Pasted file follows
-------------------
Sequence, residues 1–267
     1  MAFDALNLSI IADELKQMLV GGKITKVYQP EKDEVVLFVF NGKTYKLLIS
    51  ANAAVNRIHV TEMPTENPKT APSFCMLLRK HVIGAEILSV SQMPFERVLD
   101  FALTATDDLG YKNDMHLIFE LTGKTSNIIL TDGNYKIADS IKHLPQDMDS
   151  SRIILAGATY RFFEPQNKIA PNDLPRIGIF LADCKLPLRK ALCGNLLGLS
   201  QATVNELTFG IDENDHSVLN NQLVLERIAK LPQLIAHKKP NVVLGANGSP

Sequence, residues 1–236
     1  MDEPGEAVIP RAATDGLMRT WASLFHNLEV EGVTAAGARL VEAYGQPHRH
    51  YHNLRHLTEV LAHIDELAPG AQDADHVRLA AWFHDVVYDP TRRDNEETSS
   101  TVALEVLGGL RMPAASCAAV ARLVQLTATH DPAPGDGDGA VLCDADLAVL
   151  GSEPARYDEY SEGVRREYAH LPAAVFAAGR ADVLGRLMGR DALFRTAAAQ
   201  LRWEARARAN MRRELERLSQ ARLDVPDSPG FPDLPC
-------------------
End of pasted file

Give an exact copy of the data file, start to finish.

Sequence, residues 1–267
     1  MAFDALNLSI IADELKQMLV GGKITKVYQP EKDEVVLFVF NGKTYKLLIS
    51  ANAAVNRIHV TEMPTENPKT APSFCMLLRK HVIGAEILSV SQMPFERVLD
   101  FALTATDDLG YKNDMHLIFE LTGKTSNIIL TDGNYKIADS IKHLPQDMDS
   151  SRIILAGATY RFFEPQNKIA PNDLPRIGIF LADCKLPLRK ALCGNLLGLS
   201  QATVNELTFG IDENDHSVLN NQLVLERIAK LPQLIAHKKP NVVLGANGSP

Sequence, residues 1–236
     1  MDEPGEAVIP RAATDGLMRT WASLFHNLEV EGVTAAGARL VEAYGQPHRH
    51  YHNLRHLTEV LAHIDELAPG AQDADHVRLA AWFHDVVYDP TRRDNEETSS
   101  TVALEVLGGL RMPAASCAAV ARLVQLTATH DPAPGDGDGA VLCDADLAVL
   151  GSEPARYDEY SEGVRREYAH LPAAVFAAGR ADVLGRLMGR DALFRTAAAQ
   201  LRWEARARAN MRRELERLSQ ARLDVPDSPG FPDLPC